Studies have shown that cover crops can be an effective tool for nutrient management, soil health and water quality, while also improving farm profitability. In fact, during the fall of 2012, corn planted after cover crops had a 9.6 percent increase in yield compared to side-by-side fields with no cover crops. Likewise, soybean yields were improved 11.6 percent following cover crops.
Illinois Corn, through a partnership with the Council on Best Management Practices, continues to learn more about the power of cover crops and other site-specific technologies to improve farm profitability and environmental quality through their work in the Lake Springfield Watershed.
CBMP has established relationships with fertilizer retailers and farmers in the Lake Springfield watershed. Those area leaders are now engaging in cover crop trials, N-watch soil sampling, and in replicated nitrogen trials on rate and timing to show the advantages of moving nitrogen closer to the time the corn needs it.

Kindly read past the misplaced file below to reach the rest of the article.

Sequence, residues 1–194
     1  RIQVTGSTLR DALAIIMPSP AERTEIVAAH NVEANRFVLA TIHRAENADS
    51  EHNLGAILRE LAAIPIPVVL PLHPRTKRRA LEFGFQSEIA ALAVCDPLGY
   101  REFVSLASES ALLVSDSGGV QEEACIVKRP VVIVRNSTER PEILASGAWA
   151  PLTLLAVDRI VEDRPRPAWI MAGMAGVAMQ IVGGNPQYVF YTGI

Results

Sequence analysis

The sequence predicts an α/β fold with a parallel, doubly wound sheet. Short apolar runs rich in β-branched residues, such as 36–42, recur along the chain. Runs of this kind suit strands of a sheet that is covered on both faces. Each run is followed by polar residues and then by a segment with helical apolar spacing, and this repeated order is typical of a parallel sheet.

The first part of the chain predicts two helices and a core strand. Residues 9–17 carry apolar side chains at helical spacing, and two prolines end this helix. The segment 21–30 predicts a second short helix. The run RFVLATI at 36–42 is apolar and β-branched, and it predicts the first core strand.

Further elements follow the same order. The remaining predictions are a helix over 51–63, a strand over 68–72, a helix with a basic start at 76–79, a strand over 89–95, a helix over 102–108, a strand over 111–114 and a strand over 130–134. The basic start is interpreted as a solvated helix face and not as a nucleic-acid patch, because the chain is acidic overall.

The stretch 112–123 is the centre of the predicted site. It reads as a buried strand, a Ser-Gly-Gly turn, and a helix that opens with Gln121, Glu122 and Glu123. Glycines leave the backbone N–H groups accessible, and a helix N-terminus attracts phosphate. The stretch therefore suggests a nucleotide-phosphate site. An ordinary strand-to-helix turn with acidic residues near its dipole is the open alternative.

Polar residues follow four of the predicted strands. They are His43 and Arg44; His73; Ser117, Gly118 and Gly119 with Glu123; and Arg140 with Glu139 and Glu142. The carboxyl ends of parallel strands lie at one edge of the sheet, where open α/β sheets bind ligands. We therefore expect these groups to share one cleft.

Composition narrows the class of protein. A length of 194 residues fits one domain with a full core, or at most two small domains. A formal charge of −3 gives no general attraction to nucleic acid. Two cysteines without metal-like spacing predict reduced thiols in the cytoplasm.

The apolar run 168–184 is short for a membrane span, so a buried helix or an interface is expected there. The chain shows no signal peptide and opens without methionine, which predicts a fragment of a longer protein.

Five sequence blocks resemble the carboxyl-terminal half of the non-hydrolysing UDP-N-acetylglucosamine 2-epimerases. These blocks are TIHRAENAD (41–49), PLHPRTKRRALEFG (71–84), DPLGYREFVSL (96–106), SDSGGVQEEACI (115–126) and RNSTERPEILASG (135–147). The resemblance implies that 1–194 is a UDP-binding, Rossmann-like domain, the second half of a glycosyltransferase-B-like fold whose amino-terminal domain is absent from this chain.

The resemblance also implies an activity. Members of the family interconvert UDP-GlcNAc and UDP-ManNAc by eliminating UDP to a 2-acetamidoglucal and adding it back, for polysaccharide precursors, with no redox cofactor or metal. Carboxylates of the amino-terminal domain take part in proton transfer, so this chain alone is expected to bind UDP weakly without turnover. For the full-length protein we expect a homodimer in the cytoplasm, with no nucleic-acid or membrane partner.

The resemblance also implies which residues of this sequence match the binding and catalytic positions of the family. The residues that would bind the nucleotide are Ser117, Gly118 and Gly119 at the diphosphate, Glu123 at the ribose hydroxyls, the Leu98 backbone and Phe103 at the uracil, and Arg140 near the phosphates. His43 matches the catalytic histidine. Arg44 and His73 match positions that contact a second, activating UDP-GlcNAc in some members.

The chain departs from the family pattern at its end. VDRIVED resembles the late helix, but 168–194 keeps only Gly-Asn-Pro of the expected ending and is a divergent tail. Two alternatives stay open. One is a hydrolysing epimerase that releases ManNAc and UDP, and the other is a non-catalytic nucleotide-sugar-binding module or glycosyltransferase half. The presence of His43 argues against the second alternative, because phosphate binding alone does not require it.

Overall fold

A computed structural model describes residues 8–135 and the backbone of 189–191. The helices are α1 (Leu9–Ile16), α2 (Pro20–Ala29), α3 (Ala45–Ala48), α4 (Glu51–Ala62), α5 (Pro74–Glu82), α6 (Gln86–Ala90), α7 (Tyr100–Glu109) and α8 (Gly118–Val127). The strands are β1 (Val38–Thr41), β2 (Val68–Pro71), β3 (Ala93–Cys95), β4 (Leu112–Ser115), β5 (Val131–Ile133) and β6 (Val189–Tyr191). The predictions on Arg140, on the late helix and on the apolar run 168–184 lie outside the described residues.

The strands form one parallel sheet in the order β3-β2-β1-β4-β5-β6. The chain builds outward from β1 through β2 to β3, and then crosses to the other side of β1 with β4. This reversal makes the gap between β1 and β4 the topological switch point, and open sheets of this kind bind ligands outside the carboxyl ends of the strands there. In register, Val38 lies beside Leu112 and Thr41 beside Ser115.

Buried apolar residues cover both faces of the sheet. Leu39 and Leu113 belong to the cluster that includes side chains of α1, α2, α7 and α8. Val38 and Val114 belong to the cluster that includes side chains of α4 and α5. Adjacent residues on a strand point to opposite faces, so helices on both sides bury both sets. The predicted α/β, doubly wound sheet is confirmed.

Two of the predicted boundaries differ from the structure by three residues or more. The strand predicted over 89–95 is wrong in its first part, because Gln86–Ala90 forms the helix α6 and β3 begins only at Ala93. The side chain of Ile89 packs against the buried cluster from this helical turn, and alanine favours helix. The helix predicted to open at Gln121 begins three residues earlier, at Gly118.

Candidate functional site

The cover crop program alone now consists of 12 farmers and 504 acres, who have chosen the right cover crop seed for their acres and received sound advice on managing the cover crop from fall seeding into the spring.
Nitrogen soil sampling, rainfall data collection, and water monitoring are also a part of the trials.
IL Corn hopes to encourage lawmakers and the Environmental Protection Agency that farmers can change practices and proactively address nutrient runoff situations when they occur.
Farmers in the Lake Springfield Watershed are encouraged to learn more at a “Focus on Stewardship” seminar, held on February 6 from 8:30 – 11:30 am at the Northfield Conference Center in Springfield. There is no fee to participate in this meeting, but pre-registration is required. Breakfast pastries and lunch are provided. Click here or visit www.illinoiscbmp.org to register.